It shouldn’t hurt this much.
It shouldn’t hurt this much—but it does, and just when he thinks he doesn’t have the energy to hold back anymore, he’s reminded of why he needs to, why he has to. A marine’s casual mention of the scientists’ lack of weapons training in the locker room turns into veiled conjecture on their sexual preferences. A firmly spoken defense of Rodney’s actions to Colonel Ellis earns him a sharp, speculative look. He can and has done something about the former, but the latter is out of his hands, and it stands as a further reminder of the repressive culture he’d been entrenched in during his years on Earth.
He isn’t sure he could live that way now, and this scares John almost as much as his feelings for Rodney. Because, as much as he wants to, he knows he’ll never be able to stay in Atlantis for the rest of his life, and the more time he spends here, the more he doesn’t think he’ll mind telling the Air Force where they can shove their regulations. It all comes back to flying. Flying and Rodney, two things that are completely compatible in this galaxy, virtually impossible in another. Combined, they’re career ending in both.
John translates the specific into the general—the better to do his job, he tells himself. He turns his longing into an overall protectiveness of his people, his occasional anger into necessary violence. Punishing physical exertion leeches away the need to touch, but never for long enough. He finds it ironic that, for all the joy, actual joy he’s found in the Pegasus galaxy, he’s never had to keep so much to himself in his life. Sometimes his face hurts from the effort of keeping it all in, and he’s grateful when things like Ancient warships and not dying give him a chance to let his happiness show.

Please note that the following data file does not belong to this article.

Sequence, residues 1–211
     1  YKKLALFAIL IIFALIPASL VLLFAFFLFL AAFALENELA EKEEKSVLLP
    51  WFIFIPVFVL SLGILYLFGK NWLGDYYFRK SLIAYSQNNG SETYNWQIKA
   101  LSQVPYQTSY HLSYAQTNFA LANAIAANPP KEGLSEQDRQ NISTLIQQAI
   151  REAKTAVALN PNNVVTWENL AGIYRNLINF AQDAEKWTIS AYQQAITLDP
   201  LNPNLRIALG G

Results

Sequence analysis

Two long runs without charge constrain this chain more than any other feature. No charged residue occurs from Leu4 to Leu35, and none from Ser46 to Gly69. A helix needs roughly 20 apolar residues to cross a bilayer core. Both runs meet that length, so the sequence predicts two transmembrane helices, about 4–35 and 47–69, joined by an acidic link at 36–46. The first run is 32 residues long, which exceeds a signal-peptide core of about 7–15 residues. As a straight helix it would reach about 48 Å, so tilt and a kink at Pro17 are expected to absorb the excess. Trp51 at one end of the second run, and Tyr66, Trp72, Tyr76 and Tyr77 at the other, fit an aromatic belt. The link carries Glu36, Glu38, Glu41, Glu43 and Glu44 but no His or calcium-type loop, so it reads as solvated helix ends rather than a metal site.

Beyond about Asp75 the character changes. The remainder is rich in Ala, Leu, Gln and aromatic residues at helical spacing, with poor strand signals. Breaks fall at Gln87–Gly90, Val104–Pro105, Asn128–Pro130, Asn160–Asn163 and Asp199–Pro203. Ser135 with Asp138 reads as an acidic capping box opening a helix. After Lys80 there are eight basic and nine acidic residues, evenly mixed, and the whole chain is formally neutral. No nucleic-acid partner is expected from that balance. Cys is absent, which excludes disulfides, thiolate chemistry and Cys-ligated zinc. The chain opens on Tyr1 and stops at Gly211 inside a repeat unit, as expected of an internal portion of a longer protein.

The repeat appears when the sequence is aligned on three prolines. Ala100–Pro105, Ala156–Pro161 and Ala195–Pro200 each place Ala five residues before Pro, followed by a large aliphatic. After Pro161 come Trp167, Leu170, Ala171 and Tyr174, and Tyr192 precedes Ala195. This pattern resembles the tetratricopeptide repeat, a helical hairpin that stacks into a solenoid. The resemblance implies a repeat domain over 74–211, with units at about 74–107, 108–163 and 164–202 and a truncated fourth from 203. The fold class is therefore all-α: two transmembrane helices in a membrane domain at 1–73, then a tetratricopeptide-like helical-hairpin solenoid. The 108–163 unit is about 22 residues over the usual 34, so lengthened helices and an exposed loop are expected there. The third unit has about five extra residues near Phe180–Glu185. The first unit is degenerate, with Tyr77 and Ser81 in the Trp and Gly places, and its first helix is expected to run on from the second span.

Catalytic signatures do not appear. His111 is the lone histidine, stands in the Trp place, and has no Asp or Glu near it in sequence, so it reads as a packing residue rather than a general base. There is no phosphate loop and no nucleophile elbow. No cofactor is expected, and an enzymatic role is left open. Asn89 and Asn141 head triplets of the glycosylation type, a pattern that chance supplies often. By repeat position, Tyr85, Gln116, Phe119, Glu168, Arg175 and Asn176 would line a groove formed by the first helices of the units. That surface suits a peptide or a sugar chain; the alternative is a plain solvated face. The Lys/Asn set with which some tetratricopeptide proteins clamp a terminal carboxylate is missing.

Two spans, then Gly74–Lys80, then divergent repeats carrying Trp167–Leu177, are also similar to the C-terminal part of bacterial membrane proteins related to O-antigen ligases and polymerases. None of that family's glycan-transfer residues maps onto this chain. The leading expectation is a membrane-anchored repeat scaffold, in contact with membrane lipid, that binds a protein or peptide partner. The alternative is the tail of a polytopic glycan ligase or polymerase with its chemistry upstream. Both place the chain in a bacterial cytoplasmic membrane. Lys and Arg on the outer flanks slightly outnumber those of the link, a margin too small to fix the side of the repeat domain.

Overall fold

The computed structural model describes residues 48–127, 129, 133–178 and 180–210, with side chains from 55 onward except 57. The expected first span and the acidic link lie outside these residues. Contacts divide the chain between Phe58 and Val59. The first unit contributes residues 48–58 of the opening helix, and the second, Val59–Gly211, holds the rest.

The hardest times are when he’s forced to hold back for both of them, and while he was absurdly pleased that the prickly scientist turned out to be so unswerving in his devotion to his friends, it’s something John hadn’t expected and wasn’t at all prepared for. Yet, every time he finds himself panicking, wanting to shut off completely, he remembers the stricken look on Rodney’s face at his casually tossed ‘So long,’ the way the other man had tried to bury that reaction in his incredulity at finding John alive after all. Over the years, they’ve only grown closer—and John’s lost track of how many times he’s killed to keep him safe. That’s something he refuses to think about. Rodney is his best friend and his worst enemy, and all John wants is to be his lover, in every way that the word implies.
He should never have let himself get this far, he knows that, but when he’s sitting next to Rodney in a puddlejumper, flying the spaceship with his mind, he can’t find it in himself to care.